Five years ago, in 2017, Winfield, West Virginia, bowhunter Dave Powell came across something truly unique in the hunting world. When he took a closer look at several trail camera photos, he had to take a double look. He saw an unusual Whitetail deer roaming around on his Kansas hunting lease.
For starters, the whitetail’s nontypical, impressive rack was what immediately surprised him. By just a glance, he could tell that the rack had tons of points, pronounced drop tines, and kickers going every which way. However, there was more to this deer.
“I thought it was an antlered doe,” Powell recently told news outlets. “I’ve observed this deer…and on two separate occasions, I had seen [it] urinate in the same manner a doe would.”
What would ensue for Powell would be six long years of tracking the anomaly of a deer. During that time, he managed to collect several of its sheds. Over the years, he even developed a nickname for the creature, dubbing it “Bootsie.” According to Powell, he pursued it for 54 days straight during last year’s season.
At one point during his hunt, he had the atypical deer in his bow sights at a distance of 44 yards. However, he took a beat once he determined the shot wasn’t perfect. In another instance, he saw Bootsie bedded down just 20 yards from his stand. Then, once again, a good shot opportunity never presented itself.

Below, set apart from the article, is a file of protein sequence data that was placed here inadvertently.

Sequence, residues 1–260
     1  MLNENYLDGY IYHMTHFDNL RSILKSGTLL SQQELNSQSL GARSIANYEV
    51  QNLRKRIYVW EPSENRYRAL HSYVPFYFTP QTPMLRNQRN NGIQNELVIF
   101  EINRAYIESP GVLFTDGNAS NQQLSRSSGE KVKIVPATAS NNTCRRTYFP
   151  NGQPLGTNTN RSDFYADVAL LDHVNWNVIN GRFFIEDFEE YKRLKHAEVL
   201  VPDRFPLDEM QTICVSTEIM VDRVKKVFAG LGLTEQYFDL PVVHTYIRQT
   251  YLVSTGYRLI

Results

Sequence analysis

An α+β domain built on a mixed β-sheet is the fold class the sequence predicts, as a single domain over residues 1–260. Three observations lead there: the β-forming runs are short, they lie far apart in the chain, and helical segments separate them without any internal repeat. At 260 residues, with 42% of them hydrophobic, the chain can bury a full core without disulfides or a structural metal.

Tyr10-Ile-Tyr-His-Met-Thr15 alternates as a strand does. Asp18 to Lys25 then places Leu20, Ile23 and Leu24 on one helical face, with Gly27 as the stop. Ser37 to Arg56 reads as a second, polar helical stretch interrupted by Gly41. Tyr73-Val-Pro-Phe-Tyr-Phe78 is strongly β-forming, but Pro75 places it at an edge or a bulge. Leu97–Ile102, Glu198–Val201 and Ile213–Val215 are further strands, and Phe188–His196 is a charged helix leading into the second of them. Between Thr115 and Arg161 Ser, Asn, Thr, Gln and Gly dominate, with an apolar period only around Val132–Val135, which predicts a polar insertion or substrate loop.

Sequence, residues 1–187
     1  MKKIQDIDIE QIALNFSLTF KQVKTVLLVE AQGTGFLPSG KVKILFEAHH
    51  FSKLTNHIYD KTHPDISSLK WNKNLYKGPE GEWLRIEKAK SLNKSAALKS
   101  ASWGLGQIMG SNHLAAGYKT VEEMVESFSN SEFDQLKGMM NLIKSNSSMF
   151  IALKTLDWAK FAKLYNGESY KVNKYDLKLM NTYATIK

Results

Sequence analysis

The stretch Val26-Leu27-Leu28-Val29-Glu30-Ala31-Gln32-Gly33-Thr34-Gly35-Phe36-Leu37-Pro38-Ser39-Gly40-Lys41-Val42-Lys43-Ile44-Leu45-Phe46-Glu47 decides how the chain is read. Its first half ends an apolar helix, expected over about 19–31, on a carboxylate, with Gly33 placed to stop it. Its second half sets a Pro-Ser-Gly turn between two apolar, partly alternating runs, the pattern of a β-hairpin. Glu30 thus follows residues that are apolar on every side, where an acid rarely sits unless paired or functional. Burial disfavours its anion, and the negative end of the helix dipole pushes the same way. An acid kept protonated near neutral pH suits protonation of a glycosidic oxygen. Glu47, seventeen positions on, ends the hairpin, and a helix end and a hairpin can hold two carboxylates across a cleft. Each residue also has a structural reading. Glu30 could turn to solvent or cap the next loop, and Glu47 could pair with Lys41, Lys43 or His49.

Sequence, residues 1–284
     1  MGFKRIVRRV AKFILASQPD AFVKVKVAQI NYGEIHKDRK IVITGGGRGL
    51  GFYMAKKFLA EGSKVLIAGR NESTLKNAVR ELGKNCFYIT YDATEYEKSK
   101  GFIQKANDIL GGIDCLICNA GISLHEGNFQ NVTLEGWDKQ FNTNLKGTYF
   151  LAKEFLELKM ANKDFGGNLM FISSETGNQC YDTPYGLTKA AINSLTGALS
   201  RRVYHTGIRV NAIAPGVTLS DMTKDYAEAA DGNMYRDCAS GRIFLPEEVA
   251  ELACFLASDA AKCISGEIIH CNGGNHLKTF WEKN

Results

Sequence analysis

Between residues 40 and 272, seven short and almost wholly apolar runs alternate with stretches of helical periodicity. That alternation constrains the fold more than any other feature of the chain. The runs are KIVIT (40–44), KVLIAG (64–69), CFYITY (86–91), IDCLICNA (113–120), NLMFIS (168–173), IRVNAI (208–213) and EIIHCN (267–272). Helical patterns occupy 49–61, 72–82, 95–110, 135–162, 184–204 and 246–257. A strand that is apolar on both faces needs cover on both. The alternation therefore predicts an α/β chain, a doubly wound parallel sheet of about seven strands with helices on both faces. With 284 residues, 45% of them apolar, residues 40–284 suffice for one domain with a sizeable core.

Bowhunter bags unique hermaphrodite deer, originally mistakes it for doe
However, on the evening of September 29, 2022, magic started to happen. He saw Bootsie walking down a deer trail that led right past his stand. Then, just ten minutes later, it stepped out, and he pulled back on his bow and let it go at 20 yards. He took a moment of pause after the shot, feeling good about what he had just accomplished.
That same evening, he returned but wasn’t alone this time. He was joined by a blood-tracking dog and found his harvest in the brush about 70 yards from his stand. When he began the process of field-dressing the deer, he realized that the animal wasn’t an antlered doe. Instead, he looked at a hermaphrodite deer possessing male and female sex organs.
Afterward, Powell contacted well-known whitetail researcher John J. Ozoga. After their conversation, he confirmed that Bootsie was indeed a hermaphrodite.
“He couldn’t cite the statistics,” Powell told outlets, “but he said, ‘David, suffice to say what you’ve shot is a very, very rare deer.'”
In addition, Levi Jester, a big-game biologist with the Kansas Department of Wildlife & Parks, reiterated the comments.
“I have been with the agency a little over five years now, and this is the first one I’ve ever even heard a rumor of,” Jester said. “As far as the odds of this happening, I’m not sure if anyone really has that kind of information, but it’s rare.”